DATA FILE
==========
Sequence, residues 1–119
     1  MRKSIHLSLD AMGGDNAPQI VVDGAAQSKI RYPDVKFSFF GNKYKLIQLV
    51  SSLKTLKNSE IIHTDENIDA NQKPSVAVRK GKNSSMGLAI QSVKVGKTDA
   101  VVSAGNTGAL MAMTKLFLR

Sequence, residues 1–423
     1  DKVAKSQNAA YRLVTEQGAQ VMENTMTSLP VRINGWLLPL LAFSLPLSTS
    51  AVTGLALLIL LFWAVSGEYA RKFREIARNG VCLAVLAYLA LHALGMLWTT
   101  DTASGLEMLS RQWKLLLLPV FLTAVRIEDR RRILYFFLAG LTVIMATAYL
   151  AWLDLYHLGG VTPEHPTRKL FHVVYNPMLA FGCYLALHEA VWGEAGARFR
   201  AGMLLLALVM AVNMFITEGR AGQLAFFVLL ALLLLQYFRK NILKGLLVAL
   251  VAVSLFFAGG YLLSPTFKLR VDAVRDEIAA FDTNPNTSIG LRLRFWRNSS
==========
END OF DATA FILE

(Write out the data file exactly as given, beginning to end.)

Sequence, residues 1–119
     1  MRKSIHLSLD AMGGDNAPQI VVDGAAQSKI RYPDVKFSFF GNKYKLIQLV
    51  SSLKTLKNSE IIHTDENIDA NQKPSVAVRK GKNSSMGLAI QSVKVGKTDA
   101  VVSAGNTGAL MAMTKLFLR

Sequence, residues 1–423
     1  DKVAKSQNAA YRLVTEQGAQ VMENTMTSLP VRINGWLLPL LAFSLPLSTS
    51  AVTGLALLIL LFWAVSGEYA RKFREIARNG VCLAVLAYLA LHALGMLWTT
   101  DTASGLEMLS RQWKLLLLPV FLTAVRIEDR RRILYFFLAG LTVIMATAYL
   151  AWLDLYHLGG VTPEHPTRKL FHVVYNPMLA FGCYLALHEA VWGEAGARFR
   201  AGMLLLALVM AVNMFITEGR AGQLAFFVLL ALLLLQYFRK NILKGLLVAL
   251  VAVSLFFAGG YLLSPTFKLR VDAVRDEIAA FDTNPNTSIG LRLRFWRNSS